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The Future of BioethicsInternational Dialogues$
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Akira Akabayashi

Print publication date: 2014

Print ISBN-13: 9780199682676

Published to Oxford Scholarship Online: January 2014

DOI: 10.1093/acprof:oso/9780199682676.001.0001

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Whose Rights? Rights Protection in Long-Term Care

(p.650) 18.3 Commentary
The Future of Bioethics

Shunzo Majima

Oxford University Press

In this commentary, the author provides an analysis of rights protection in long-term care settings, focusing on one particular aspect: the use of new technologies such as surveillance cameras. The author examines this aspect from the perspective of the rights of those who provide care (e.g., care workers) and those who receive care. The author argues that one of the most urgent issues to be considered is the protection of vulnerable people, and imply that the identity of the vulnerable parties – whose rights need to be protected – depends on the situation; in some cases, they represent people receiving care, and in others, people providing care. The author also argues that surveillance cameras could be used to protect the rights of both parties – in particular, the right to be protected from abuse and offense.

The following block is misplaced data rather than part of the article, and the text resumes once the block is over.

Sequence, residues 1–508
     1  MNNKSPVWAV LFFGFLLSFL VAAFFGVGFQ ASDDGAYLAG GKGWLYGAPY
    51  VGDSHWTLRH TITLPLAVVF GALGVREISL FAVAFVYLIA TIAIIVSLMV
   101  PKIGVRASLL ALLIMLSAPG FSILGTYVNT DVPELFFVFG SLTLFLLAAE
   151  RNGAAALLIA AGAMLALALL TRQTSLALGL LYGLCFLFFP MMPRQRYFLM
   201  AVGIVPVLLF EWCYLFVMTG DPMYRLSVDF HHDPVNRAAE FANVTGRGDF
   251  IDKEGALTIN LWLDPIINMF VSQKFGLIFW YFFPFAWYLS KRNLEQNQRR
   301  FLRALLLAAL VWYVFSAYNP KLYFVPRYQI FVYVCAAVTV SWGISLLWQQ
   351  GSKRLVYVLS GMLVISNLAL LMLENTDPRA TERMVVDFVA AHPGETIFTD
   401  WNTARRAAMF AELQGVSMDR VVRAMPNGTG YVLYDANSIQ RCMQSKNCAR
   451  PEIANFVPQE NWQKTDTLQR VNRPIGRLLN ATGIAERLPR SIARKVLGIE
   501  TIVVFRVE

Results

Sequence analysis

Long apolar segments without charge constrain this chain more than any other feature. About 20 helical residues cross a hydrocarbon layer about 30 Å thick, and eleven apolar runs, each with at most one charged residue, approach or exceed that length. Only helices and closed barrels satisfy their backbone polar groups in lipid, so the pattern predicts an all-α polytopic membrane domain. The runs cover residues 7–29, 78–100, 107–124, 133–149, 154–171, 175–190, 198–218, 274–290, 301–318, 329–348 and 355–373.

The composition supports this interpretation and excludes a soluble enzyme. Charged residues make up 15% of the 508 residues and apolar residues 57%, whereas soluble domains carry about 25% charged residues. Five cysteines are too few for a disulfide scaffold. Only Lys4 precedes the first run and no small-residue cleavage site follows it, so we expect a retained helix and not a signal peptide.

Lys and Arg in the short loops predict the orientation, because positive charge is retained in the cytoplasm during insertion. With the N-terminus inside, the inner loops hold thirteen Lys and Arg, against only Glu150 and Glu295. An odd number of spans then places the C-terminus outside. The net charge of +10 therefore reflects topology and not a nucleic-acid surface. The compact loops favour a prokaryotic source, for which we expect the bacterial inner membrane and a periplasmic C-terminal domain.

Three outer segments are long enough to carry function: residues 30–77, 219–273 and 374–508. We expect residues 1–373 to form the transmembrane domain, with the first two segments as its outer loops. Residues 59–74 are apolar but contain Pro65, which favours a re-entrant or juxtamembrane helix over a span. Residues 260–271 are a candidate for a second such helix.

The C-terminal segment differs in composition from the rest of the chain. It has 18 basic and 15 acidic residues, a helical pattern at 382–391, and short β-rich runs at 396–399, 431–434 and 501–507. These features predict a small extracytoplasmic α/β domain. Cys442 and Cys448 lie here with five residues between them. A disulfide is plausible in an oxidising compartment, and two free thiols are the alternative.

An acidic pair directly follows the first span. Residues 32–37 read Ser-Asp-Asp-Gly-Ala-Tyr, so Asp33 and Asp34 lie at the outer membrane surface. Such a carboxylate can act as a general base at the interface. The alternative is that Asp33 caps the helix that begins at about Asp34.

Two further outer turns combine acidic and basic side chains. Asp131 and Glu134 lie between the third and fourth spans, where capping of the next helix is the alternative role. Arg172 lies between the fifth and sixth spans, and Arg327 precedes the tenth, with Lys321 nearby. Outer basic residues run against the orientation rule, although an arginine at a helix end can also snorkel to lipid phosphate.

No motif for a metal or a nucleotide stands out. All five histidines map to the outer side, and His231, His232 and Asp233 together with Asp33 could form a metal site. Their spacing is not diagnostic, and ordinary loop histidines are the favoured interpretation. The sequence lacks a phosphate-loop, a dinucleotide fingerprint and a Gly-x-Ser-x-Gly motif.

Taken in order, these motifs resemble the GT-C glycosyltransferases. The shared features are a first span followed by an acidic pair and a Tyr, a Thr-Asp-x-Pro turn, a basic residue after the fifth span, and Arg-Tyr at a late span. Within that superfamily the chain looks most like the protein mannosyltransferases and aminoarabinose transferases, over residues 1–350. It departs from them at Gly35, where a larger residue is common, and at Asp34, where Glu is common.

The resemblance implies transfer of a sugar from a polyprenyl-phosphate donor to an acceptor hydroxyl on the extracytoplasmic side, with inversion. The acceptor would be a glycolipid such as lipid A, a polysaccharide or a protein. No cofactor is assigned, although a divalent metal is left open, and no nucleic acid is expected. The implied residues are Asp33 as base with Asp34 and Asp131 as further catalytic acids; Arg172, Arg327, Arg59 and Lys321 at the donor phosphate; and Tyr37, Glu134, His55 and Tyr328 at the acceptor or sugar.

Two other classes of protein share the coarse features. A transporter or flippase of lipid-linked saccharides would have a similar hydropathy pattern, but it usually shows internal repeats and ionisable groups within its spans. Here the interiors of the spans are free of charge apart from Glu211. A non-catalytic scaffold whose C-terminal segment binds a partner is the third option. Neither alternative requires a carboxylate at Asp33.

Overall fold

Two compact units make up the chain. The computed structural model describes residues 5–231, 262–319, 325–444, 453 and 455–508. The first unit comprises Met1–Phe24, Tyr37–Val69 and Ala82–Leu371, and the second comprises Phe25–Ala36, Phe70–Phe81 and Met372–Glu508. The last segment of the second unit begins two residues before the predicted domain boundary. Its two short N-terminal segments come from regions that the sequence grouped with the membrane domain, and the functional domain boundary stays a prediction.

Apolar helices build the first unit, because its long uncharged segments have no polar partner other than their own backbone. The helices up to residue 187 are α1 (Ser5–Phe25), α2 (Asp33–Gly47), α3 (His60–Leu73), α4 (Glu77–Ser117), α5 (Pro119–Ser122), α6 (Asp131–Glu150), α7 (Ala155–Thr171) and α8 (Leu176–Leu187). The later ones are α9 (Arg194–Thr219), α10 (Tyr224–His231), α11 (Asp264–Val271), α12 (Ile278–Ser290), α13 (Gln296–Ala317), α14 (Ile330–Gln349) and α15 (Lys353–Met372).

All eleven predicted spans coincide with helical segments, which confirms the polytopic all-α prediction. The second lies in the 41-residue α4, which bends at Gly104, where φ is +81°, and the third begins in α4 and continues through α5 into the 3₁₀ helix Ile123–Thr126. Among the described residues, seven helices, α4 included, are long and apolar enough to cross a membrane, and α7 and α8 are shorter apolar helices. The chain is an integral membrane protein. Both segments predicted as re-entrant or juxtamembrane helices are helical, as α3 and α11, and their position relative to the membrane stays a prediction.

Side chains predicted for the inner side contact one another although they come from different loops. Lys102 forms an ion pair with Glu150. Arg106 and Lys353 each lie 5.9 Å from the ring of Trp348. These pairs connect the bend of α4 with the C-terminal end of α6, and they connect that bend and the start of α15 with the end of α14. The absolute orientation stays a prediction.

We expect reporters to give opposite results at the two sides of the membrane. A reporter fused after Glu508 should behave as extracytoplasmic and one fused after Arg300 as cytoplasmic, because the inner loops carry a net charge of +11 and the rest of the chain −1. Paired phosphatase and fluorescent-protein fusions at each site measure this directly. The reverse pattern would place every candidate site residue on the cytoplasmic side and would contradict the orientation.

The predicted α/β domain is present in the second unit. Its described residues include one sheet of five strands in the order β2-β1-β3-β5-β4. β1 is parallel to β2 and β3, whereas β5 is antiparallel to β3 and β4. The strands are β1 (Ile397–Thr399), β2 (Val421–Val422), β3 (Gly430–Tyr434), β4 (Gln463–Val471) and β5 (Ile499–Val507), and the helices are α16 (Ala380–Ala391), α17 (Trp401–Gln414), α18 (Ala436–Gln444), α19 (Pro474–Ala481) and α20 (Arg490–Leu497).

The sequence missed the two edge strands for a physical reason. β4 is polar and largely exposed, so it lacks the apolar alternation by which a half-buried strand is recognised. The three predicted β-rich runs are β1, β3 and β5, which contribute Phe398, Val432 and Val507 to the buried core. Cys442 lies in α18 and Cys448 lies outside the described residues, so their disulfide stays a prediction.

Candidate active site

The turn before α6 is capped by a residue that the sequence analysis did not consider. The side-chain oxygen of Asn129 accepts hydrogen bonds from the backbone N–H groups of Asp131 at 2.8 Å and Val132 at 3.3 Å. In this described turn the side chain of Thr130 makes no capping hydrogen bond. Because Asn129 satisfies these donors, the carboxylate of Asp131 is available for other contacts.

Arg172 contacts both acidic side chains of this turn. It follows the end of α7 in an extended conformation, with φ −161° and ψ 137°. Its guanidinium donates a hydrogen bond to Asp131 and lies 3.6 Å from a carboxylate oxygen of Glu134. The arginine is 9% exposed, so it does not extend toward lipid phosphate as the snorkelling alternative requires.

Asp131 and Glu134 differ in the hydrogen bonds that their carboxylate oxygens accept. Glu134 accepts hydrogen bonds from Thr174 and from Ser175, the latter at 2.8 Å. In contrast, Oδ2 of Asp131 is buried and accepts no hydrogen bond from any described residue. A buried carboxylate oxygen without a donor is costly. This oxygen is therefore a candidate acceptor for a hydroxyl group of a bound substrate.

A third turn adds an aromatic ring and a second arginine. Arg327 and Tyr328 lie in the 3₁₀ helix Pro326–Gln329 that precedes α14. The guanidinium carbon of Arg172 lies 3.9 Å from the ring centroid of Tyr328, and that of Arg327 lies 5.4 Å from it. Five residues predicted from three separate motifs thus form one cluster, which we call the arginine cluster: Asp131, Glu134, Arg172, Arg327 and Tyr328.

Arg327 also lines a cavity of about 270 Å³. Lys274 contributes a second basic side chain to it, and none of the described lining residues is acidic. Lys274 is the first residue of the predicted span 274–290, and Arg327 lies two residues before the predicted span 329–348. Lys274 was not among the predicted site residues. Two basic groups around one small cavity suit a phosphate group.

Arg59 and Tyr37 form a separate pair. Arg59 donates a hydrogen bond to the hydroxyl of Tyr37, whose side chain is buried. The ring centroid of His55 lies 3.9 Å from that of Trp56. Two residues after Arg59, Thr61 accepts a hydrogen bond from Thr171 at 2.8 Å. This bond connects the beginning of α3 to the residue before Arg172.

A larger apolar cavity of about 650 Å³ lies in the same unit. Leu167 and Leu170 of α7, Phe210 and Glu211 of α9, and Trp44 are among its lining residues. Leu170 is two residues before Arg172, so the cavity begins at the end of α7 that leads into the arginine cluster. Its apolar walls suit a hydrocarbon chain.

Keywords:   Long-term care, security, safety, surveillance camera, rights, rights protection, technology

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